If you want to get technical, we’re talking cream puffs with Gruyere cheese.  They’re light and very satisfying.  If you love cream puffs, you will love these even more.  The flavor of the Gruyere raises these to a whole new level.  Now picture your Martini in one hand and a gougeres in the other.  Life is good.

  • 1/2 cup water
  • 1/2 cup milk
  • 1 stick (4 ounces) butter, cut into tablespoons
  • Large pinch of coarse salt
  • 1 cup all-purpose flour
  • 4 large eggs
  • 3 1/2 ounces shredded Gruyère cheese (1 cup), plus more for sprinkling
  • Freshly ground pepper
  • Freshly grated nutmeg (I’m not a nutmeg fan, so you will have to decide)

*  From the Recipe Box:

I like Alain Ducasse’s recipe.  Picture a 5 star recipe with almost 5K reviews.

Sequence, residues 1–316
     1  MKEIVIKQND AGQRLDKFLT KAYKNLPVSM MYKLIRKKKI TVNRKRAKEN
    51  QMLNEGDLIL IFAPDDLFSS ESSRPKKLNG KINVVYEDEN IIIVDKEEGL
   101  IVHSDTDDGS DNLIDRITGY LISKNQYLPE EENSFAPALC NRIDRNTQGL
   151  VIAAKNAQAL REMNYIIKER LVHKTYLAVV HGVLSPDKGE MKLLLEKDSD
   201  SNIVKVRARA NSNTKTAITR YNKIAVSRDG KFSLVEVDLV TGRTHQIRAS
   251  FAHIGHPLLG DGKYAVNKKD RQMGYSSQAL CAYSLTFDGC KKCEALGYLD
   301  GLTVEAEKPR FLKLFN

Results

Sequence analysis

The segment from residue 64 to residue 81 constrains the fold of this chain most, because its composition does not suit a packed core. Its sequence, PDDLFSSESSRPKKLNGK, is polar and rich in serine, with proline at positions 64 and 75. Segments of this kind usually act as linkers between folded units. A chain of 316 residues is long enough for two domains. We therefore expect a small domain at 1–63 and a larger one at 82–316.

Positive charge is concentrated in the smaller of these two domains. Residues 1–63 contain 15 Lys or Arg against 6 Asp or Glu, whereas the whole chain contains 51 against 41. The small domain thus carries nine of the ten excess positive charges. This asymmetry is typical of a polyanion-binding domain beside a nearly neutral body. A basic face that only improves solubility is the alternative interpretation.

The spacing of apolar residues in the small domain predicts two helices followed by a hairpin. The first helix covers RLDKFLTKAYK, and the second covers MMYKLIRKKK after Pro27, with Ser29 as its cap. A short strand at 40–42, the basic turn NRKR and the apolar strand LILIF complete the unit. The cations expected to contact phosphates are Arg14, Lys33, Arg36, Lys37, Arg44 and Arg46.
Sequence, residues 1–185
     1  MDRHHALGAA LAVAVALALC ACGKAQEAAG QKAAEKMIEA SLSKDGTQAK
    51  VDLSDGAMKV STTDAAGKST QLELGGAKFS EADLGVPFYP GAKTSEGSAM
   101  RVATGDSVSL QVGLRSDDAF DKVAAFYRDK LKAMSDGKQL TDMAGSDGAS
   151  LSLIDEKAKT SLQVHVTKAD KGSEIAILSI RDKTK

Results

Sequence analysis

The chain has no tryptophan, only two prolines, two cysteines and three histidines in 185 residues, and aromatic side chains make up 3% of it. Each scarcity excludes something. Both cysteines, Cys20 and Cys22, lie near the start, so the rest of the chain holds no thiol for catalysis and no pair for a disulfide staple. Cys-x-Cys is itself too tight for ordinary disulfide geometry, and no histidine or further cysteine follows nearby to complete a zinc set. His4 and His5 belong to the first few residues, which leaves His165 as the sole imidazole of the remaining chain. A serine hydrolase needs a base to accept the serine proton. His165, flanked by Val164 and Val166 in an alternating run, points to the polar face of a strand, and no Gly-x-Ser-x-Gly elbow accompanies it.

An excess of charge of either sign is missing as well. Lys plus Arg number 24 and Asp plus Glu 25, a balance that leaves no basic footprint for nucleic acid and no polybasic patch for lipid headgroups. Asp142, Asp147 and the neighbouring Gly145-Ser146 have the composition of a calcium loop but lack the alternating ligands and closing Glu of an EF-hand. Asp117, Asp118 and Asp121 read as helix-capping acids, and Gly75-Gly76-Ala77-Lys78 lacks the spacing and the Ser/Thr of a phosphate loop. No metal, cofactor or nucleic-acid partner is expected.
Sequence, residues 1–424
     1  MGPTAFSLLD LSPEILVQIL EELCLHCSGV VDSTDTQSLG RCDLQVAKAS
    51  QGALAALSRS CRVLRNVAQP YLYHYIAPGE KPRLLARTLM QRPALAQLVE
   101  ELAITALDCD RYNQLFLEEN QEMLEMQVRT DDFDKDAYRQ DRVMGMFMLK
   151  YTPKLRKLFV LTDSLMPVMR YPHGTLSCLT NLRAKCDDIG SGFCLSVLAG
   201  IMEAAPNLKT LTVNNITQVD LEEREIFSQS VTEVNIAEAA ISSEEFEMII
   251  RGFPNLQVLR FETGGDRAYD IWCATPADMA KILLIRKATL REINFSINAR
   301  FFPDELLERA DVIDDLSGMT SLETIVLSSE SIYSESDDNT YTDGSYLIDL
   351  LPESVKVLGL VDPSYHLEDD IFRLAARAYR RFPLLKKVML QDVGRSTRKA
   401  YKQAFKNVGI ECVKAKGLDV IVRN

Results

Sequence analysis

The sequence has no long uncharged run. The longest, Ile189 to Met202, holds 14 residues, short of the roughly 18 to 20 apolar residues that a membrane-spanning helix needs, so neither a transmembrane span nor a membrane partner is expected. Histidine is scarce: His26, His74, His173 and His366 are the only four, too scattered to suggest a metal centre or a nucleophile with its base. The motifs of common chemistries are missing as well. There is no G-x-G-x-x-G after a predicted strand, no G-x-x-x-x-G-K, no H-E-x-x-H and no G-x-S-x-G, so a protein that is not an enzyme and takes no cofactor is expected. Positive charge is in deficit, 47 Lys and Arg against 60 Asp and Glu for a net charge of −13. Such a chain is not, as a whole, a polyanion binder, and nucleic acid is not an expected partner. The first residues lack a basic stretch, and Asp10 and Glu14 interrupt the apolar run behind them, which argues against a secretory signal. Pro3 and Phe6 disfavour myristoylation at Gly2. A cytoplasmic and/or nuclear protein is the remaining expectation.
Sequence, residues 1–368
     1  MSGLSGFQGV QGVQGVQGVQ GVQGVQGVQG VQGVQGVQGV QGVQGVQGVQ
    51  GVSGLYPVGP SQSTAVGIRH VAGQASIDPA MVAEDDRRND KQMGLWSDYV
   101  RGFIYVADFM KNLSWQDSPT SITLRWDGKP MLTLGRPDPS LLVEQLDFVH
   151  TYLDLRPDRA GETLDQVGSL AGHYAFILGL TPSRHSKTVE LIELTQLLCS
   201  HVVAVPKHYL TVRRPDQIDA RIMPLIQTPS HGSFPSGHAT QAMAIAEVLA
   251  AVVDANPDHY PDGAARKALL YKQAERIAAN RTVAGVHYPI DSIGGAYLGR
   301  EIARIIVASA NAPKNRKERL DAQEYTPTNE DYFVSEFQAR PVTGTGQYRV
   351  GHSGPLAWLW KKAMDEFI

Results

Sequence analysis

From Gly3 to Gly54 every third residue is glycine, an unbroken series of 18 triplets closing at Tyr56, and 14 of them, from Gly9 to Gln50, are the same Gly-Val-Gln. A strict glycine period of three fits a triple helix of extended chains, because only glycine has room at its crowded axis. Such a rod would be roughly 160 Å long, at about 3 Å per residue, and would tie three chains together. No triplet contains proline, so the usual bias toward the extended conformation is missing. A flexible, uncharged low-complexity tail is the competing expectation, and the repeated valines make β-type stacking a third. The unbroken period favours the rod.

If you’re good with a piping bag, give it a try.  I’m not so hot, no hand strength.

I’d rather make approximately 18 per batch but still bake the same amount of time.  I like them a tad smaller and a bit firmer.  It’s all about holding the Martini.

and remember one of the best lines from the Princess Bride:  Who said life is fair; where is that written?   Big kiss, Lynn

Norwegian Seed Crackers

I think I may have OCD.  Once I get on topic, I can’t seem to shake it.  Currently, I’m totally committed to crackers.  I love, love, love crackers.  I always have and I always will.  Part of it is my deep love of soup and you have to have crackers if you have soup.

I’m also looking for things to cook with Gluten-free Girl.  She’s coming up this weekend and is always up for a new cooking experience.  Please don’t judge them until you taste them.  They are pretty good.  You simply can’t make everyone happy.

dry ingredients